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OBJECTIVE: To explore the association between specific nucleoside reverse transcriptase inhibitors and sensory neuropathies (SNs) and define the modifying roles of hepatitis C (HCV), vitamin B12 deficiency, and impaired glucose tolerance.
METHODS: The authors conducted a prospective cohort study of 147 HIV-infected adults at two sites chosen to emphasize demographic differences. Standardized assessments included detailed antiretroviral histories, neurologic examinations, skin biopsies for epidermal nerve quantitation, and quantitative sensory testing.
RESULTS: There were significant differences between subjects at Johns Hopkins University (JHU) and Monash University (MU) in gender, race, HIV transmission route, and HCV seroprevalence. Symptomatic SN was present in 49% at JHU and 55% at MU (chi2 = 4.02, p = 0.134) and was significantly more common in those at least age 40 than younger patients (odds ratio [OR] = 2.87, 95% CI = 1.27, 6.49). After adjusting for site, age, and CD4 cell count, exposure to didanosine (ddI) or stavudine (d4T) was associated with an significantly increased likelihood of symptomatic SN (ddI: OR = 3.21, 95% CI: 1.56, 6.60; d4T: OR = 7.66, 95% CI: 2.89, 20.33). Plasma HIV RNA, lactate, and HCV were not associated with SN. Quantitative vibratory testing identified neuropathy with a positive predictive value of 76% and epidermal nerve fiber densities 59%.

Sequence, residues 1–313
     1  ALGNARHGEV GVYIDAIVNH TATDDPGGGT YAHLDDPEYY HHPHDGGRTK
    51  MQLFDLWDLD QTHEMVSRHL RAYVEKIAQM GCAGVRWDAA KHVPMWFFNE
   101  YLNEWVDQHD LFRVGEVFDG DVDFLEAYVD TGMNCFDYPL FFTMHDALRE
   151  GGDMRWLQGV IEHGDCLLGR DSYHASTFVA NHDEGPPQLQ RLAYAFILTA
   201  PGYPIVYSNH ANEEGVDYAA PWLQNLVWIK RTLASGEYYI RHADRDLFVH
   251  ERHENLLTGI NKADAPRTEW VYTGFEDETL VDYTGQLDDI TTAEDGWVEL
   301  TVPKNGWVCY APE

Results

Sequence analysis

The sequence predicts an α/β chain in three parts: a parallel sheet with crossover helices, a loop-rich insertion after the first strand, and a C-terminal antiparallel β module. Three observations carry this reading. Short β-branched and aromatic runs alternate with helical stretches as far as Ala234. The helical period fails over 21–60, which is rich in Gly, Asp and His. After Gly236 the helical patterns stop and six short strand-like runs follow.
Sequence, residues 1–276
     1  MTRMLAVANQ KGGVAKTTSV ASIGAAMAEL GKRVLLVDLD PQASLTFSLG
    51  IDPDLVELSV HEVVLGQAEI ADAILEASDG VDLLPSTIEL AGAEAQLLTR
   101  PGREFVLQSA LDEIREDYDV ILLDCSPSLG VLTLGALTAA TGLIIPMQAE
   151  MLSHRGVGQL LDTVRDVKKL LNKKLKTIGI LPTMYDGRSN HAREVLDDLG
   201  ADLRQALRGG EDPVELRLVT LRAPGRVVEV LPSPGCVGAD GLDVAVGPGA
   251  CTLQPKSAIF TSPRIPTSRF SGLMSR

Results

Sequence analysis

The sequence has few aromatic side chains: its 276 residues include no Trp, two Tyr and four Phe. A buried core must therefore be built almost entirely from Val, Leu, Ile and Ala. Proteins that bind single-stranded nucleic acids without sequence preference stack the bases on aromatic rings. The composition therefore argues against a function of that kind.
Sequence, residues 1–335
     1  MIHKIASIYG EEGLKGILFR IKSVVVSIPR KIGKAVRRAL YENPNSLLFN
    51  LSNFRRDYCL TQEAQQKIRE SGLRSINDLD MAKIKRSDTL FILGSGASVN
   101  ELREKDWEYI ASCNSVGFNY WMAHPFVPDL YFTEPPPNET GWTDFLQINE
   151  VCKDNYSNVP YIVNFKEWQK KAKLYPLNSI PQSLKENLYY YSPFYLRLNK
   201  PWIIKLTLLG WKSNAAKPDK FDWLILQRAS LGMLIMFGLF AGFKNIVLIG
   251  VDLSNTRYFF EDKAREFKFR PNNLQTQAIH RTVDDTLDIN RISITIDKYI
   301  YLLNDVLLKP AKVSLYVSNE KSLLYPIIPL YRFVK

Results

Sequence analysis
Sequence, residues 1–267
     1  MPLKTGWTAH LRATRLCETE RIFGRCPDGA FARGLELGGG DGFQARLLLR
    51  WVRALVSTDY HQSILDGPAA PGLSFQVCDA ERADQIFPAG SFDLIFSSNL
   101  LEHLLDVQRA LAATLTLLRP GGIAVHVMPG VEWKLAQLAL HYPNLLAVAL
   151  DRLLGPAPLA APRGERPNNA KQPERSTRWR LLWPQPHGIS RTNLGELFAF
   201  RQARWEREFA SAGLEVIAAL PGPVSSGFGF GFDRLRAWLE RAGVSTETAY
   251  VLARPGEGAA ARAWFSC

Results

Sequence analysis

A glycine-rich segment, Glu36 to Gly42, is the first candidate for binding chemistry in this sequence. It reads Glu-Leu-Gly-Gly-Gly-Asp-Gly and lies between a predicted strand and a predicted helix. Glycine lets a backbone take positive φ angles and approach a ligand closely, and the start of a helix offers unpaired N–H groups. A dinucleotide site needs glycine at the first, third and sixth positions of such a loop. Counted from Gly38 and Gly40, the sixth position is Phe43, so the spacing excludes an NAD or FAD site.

CONCLUSIONS: Exposure to stavudine and didanosine was significantly associated with a heightened risk for symptomatic sensory neuropathy. Reduced vibration thresholds and epidermal nerve fiber densities had the highest diagnostic efficiency of the laboratory indicators of neuropathy examined, but were relatively insensitive in isolation.